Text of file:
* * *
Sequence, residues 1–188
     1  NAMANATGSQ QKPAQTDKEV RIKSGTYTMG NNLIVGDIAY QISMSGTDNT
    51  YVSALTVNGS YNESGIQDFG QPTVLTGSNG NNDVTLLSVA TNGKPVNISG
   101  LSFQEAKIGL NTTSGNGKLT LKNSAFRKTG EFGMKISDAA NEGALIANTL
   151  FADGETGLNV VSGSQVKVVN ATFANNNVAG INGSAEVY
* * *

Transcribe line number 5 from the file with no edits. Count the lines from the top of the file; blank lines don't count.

   151  FADGETGLNV VSGSQVKVVN ATFANNNVAG INGSAEVY